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Consequences of forest fragmentation on territory quality of male Ovenbirds breeding in western boreal forests

Consequences of forest fragmentation on territory quality of male Ovenbirds breeding in western boreal forests

Canadian Journal of Zoology 80(11): 1841-1848

ISSN/ISBN: 0008-4301

DOI: 10.1139/z02-172

We evaluated the effects of forest fragmentation caused by agriculture on arthropod prey biomass and vegetation structure found in territories of male Ovenbirds (Seiurus aurocapillus) breeding in the southern boreal mixed woods of Saskatchewan, Canada. The objective of this study was to determine if previously documented differences in pairing success of male Ovenbirds in contiguous forests and forest fragments in our study area were associated with differences in arthropod prey biomass and vegetation structure between contiguous and fragmented forests. A secondary objective was to examine the correspondence between vegetation and arthropods to evaluate whether vegetation cues could be useful for birds attempting to predict future arthropod biomass during territory selection. Our results indicate that both vegetation structure and arthropod prey composition in Ovenbird territories differed between fragmented and contiguous forests, whereas total arthropod biomass did not. Furthermore, the correspondence of vegetation with arthropod prey composition and total prey biomass was weak, a result that questions the use of vegetation structure by male Ovenbirds for predicting future prey availability during territory selection. Overall, the current extent of forest fragmentation in our study area is not likely reducing pairing success of territorial male Ovenbirds by lowering the biomass of arthropod prey. However, landscape differences in vegetation structure could influence pairing success of male Ovenbirds in forest fragments by reducing suitable microhabitats for nesting or by increasing habitat suitability for nest predators and Brown-headed Cowbird (Molothrus ater) parasites.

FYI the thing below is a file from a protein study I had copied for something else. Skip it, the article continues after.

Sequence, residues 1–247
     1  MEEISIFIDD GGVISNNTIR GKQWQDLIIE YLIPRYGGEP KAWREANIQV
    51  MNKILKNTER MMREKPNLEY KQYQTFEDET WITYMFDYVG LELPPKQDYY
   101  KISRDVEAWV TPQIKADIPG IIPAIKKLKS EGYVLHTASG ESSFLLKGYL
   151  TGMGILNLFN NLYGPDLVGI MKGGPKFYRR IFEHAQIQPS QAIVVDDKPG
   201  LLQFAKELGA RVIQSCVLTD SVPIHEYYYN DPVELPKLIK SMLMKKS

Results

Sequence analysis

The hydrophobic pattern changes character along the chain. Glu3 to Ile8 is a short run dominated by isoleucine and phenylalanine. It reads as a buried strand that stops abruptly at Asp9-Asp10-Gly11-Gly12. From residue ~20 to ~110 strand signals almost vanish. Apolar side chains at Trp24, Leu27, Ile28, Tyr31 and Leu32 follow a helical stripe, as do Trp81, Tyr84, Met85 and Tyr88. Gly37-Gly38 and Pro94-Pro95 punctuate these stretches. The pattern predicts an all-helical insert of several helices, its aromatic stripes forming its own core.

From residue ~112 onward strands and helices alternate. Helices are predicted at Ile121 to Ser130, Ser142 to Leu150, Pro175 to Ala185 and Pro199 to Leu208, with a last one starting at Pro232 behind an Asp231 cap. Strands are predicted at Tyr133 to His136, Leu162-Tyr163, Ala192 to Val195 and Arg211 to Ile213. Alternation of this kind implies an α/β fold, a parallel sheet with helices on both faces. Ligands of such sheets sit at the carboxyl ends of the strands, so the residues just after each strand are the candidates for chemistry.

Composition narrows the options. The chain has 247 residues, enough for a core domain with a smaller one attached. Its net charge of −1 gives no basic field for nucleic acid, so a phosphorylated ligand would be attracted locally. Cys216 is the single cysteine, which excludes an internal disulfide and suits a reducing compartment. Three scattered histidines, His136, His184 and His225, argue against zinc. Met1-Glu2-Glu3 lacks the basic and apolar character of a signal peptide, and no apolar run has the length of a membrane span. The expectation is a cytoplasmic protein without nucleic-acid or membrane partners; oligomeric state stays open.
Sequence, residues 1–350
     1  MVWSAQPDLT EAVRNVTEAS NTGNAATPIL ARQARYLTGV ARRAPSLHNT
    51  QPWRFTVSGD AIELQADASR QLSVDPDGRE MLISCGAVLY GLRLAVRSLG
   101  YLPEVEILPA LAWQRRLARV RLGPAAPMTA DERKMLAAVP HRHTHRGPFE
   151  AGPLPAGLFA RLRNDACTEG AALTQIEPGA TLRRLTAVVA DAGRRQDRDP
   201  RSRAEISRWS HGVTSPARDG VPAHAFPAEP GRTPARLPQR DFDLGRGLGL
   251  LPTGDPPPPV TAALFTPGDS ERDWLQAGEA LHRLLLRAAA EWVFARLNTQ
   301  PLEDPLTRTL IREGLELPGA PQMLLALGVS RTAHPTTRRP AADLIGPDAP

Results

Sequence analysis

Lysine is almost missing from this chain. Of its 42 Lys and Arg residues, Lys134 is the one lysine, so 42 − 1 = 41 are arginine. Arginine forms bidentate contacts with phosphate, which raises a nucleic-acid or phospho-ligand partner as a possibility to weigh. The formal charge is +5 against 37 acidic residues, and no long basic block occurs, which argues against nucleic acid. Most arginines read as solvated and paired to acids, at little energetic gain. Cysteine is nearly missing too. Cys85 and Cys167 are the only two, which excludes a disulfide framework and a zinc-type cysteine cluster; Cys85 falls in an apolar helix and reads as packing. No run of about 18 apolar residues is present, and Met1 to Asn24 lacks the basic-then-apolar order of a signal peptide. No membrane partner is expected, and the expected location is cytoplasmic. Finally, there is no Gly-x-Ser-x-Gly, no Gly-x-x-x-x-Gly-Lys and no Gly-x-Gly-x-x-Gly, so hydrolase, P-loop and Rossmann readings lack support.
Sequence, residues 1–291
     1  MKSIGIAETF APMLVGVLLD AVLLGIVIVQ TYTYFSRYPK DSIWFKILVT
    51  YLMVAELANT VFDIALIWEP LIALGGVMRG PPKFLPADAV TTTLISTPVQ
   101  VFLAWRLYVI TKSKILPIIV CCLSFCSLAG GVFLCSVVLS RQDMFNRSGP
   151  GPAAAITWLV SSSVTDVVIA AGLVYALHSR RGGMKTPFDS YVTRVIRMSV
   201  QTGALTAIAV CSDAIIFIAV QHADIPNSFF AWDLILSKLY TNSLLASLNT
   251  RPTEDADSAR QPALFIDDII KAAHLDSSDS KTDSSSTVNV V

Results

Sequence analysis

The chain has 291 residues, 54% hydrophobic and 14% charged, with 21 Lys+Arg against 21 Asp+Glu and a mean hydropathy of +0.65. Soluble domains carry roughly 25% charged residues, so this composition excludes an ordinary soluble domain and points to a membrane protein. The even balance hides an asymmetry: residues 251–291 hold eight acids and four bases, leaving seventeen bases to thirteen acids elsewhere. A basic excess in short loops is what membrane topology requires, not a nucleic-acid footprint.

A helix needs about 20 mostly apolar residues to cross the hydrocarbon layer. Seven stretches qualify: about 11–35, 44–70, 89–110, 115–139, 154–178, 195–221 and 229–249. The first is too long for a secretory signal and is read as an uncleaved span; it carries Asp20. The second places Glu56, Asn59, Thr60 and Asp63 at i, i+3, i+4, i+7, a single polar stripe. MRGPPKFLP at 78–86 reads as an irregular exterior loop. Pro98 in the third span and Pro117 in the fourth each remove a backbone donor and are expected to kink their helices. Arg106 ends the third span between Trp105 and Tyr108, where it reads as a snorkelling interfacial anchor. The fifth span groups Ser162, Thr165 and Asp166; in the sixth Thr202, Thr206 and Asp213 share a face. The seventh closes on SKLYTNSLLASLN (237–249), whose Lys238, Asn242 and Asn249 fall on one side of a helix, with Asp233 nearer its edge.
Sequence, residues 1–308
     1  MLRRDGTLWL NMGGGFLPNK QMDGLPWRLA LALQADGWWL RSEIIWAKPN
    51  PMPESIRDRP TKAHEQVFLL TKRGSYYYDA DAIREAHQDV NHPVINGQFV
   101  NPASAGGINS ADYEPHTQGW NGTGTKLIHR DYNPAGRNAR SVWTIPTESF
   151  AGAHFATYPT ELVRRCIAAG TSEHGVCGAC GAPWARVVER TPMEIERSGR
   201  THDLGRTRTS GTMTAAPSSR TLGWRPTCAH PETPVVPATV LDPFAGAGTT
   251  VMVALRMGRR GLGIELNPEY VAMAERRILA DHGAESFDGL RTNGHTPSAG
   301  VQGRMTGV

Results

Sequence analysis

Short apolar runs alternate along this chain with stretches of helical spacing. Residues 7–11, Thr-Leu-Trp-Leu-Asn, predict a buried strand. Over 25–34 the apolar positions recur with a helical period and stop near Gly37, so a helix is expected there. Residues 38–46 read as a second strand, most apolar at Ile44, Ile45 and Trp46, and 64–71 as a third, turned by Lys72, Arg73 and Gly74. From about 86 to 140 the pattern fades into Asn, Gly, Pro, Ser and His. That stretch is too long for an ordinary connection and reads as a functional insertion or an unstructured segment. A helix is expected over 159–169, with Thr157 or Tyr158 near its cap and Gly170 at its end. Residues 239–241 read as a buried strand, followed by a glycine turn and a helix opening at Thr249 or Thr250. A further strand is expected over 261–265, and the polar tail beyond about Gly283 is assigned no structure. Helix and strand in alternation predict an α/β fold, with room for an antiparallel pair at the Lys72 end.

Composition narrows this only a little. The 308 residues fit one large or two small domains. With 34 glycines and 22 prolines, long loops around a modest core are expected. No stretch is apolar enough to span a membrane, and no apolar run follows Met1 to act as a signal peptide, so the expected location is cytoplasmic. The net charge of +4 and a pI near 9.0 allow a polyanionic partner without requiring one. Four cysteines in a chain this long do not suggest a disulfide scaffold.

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Accession: 003691361

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